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Lagos Gas Explosions raise Safety Concerns

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  • Lagos Gas Explosions raise Safety Concerns

Following the gas explosions in Lagos this week, the issue of safety in the Liquefied Petroleum Gas subsector is taking centre stage, with industry stakeholders expressing concerns over the existing safety gaps as the drive to boost cooking gas consumption gains momentum.

On Monday, two people died after a gas leakage triggered an explosion in a cooking gas plant owned by Second Coming Limited on CMD Road, Ikosi-Isheri. It was reported that while officials of the Lagos State Fire Service were assisting to fix the gas leakage in the plant, the exhaust pipe of a speeding vehicle triggered an explosion.

Also on that day, five residents were killed after an oxygen gas transload went awry in a retail shop in Agara, Badagry.

In August last year, four persons were killed and many injured at Obosi in Idemili North Local Government Area of Anambra State following a cooking gas explosion at Trinity Gas Limited station.

The Executive Secretary, Nigerian Association of Liquefied Petroleum Gas Marketers, Mr. Bassey Essien, stressed the need for safety consciousness in the LPG sector.

“We have to be safety conscious and put all the safety parameters in place, and especially with the nature of the product, we need to be very safety conscious and create the awareness among the customers. We cannot play down on safety,” he said.

“There are a lot of gaps in the LPG sector and most of the gaps exist because of the low level of Nigeria’s socioeconomic development,” the National Chairman, Liquefied Petroleum Gas Retailers Branch of the Nigeria Union of Petroleum and Natural Gas Workers, Mr. Michael Umudu, said.

According to him, there is a large number of substandard and imported second-hand equipment and accessories in the system.

He said, “Most, if not all, LPG materials and equipment are sourced outside the country and owing to the depreciating value of naira, many importers prefer countries that compromise universally acceptable standards. Most of the LPG plant storage facilities are brought into the country after they have been used in Europe, North America and other parts of the world.”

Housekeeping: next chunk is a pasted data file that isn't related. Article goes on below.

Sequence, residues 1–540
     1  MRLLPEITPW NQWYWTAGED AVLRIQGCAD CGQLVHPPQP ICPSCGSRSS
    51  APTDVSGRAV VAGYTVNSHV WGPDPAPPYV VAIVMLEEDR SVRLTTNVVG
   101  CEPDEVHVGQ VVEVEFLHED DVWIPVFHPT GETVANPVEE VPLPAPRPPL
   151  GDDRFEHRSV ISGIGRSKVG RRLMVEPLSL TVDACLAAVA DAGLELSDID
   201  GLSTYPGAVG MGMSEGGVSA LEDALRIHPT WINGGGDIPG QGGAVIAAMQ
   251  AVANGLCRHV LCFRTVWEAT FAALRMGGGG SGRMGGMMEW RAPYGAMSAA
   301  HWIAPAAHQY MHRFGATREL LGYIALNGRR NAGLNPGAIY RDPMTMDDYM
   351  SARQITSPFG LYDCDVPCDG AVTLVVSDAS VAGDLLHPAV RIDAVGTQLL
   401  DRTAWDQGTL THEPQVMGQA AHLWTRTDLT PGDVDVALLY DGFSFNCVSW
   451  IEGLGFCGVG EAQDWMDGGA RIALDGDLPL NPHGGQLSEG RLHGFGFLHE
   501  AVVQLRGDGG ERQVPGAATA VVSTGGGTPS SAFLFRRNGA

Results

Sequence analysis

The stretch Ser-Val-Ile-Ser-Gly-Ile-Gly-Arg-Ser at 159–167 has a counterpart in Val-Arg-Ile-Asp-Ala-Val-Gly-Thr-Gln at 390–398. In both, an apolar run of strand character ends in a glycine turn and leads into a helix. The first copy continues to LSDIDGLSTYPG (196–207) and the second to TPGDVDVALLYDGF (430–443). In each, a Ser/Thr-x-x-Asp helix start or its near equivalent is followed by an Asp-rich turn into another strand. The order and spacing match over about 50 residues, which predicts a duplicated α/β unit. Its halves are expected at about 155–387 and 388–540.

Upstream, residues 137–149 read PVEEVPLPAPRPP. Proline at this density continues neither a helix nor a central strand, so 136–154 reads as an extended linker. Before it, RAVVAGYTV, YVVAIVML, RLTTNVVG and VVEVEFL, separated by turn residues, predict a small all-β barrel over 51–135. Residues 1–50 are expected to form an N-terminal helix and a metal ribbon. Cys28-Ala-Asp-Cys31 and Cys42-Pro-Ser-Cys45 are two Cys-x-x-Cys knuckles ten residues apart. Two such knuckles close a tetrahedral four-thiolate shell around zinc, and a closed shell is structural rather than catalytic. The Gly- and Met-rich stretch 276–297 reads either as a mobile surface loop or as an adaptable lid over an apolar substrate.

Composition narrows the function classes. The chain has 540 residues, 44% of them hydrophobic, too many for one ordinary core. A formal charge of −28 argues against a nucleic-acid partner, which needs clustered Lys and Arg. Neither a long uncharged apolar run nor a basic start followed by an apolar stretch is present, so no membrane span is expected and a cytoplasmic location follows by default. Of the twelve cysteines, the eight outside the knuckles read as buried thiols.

Umudu said the leadership of their branch union had often raised the alarm that special attention should be given to accessories, equipment and materials used for the LPG because of the volatile nature of the product.

He said the proliferation of cooking gas retail outlets in the country had made it difficult for effective supervision and enforcement.

“It also leads to the involvement of people who are not qualified to do the business. This is the greatest challenge facing our branch union in the recent times. People who know little to nothing about the LPG retailing business are daily flocking into the business. It leads to the proliferation of substandard and fake products,” he added.

According to Umudu, the LPGAR’s key programme this year is to fight this menace because they dent the association’s image and endanger the lives of customers and neighbours.

He said, “We are already having meetings with the relevant agencies in order to sanitise the system. We are determined to ensure that henceforth anybody entering into the business meets the DPR requirements. We have also mandated those who have been in the retail business but don’t meet the requirement that they should upgrade or face severe sanctions.”

Meanwhile, the Director, Department of Petroleum Resources, Mr. Mordecai Ladan, during an inspection of the Second Coming gas plant in Lagos on Wednesday, said the DPR had commenced an inquest into the Monday fire incident.